(No note. Just right.)
© Dale Rogerson
by Miles H. Rost
“It’s way too hot.”
Midori looked up at the hazy afternoon sky, the big yellow disk broiling the city of Aomori.
The worst summer on record, and Midori couldn’t go out to enjoy it.
“The pool, the arcade, the beach. All my places, and I can’t go.”
She stared up as the sun slowly meandered across the blue carpet, until she heard a knock.
Her dad walked in.
“Honey, wanna go to the pool?”
Midori’s eyes opened wide.
As she moved her wheelchair, she grabbed her swimsuit from the bed. The pool was fun, even with no legs.
(Author’s Notes: None. Write and go, as they say. Enjoy the fictioneers this week!)
Grazin’ In The Grass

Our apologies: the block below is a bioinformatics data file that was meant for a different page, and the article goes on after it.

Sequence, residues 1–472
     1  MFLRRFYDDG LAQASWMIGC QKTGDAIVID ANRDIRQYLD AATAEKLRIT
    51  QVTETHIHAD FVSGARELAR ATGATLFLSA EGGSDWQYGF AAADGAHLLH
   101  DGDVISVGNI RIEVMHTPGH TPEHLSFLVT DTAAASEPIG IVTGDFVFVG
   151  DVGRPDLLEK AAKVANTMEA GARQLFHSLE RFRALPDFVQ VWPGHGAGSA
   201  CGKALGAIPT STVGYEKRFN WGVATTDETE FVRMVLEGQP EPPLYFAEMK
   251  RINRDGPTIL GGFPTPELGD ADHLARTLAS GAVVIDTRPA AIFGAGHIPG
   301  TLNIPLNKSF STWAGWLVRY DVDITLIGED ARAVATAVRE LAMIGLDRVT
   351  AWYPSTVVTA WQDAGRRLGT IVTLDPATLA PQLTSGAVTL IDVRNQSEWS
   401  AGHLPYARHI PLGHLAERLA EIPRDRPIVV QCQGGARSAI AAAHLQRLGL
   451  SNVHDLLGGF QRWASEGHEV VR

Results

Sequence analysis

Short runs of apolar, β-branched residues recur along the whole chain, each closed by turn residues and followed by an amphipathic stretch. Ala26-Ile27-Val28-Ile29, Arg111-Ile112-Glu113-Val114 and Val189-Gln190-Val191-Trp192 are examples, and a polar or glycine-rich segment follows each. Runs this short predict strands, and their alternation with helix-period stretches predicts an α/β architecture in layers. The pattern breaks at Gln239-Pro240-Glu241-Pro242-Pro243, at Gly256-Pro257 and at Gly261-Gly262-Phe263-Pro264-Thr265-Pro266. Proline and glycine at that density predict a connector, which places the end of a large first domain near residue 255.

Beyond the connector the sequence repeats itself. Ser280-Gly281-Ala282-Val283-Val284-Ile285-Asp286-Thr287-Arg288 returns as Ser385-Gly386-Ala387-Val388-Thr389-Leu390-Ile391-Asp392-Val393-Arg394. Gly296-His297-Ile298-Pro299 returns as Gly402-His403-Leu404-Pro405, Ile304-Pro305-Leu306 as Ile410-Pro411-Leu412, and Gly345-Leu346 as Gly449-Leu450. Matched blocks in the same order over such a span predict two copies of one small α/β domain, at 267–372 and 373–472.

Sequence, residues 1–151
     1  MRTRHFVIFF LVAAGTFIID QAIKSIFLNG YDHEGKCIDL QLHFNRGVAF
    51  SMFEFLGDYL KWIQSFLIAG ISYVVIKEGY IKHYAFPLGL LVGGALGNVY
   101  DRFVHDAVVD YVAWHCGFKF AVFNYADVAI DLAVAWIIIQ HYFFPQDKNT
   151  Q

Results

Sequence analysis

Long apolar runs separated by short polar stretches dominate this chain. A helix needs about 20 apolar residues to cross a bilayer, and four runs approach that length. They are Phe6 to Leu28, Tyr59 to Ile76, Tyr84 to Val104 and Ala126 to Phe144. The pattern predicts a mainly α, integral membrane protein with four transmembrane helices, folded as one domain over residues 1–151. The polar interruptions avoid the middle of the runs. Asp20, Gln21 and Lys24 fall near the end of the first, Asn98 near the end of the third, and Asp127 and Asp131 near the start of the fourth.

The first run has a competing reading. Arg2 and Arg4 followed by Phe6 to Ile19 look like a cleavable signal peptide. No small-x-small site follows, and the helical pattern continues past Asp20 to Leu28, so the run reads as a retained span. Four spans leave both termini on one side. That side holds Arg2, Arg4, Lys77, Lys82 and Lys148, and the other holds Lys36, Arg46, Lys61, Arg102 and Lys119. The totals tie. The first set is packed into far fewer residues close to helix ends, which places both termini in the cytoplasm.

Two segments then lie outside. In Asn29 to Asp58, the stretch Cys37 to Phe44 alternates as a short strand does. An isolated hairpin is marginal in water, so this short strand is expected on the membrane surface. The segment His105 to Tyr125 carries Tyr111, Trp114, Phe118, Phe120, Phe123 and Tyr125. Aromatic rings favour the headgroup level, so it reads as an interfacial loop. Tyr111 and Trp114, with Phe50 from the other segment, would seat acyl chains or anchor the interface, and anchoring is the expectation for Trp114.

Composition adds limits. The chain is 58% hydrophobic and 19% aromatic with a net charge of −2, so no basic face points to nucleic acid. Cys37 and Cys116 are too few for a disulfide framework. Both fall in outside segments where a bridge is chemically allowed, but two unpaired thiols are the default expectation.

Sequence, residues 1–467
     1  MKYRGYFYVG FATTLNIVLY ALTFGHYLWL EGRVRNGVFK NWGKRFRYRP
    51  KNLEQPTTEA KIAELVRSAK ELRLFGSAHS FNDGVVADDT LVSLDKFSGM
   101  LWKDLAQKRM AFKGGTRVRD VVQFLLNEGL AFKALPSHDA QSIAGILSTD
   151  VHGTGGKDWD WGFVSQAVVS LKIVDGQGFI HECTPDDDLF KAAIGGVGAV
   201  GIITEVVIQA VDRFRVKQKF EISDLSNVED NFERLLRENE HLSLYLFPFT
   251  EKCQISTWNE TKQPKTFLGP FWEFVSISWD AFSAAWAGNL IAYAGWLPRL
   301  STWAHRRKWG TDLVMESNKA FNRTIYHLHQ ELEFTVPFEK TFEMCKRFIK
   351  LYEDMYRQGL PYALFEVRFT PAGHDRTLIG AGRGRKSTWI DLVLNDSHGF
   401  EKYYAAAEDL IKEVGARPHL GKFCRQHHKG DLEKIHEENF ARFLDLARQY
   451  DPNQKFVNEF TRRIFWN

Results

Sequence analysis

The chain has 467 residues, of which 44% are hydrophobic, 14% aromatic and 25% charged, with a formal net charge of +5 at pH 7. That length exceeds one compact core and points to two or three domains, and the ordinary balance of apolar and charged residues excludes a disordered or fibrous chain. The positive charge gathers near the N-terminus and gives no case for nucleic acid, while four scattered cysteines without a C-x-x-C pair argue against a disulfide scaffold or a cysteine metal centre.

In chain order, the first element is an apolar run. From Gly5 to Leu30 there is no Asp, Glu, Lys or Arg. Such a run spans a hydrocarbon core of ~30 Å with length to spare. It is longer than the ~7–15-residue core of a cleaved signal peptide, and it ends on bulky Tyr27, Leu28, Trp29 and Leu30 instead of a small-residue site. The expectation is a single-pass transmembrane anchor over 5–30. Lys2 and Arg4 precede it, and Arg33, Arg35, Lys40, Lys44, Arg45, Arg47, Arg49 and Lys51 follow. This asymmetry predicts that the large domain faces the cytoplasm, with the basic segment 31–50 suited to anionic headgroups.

by Miles H. Rost
Hot and humid, but also quite a beautiful time for listening to music.
I’d spend many hours sitting in the breezeway of my house, listening to the radio and recording the disc jockeys doing their thing. It was something that really inspired me.
It went everywhere I would go, but it always returned to that breezeway, close to where Dad did his accounting work and where he’d grow hot peppers. The music of my youth, the soundtrack of my life.
Until I was sent outside to play by my mom. Then I had to take my music with me.
By Miles Rost
I remember the day very well.
I was standing at my post, looking out at the rest of the city. It was a warm day, and I sometimes cursed the fact I had to wear such an unappealing uniform on such days.
It was the day when I could do nothing. I stood as a young man drove across the bridge I was facing, and ran over a child.
I wanted to help, I pleaded in my head to help. But I was sworn to a duty to protect this place.
That was the first day when I started to hate my job.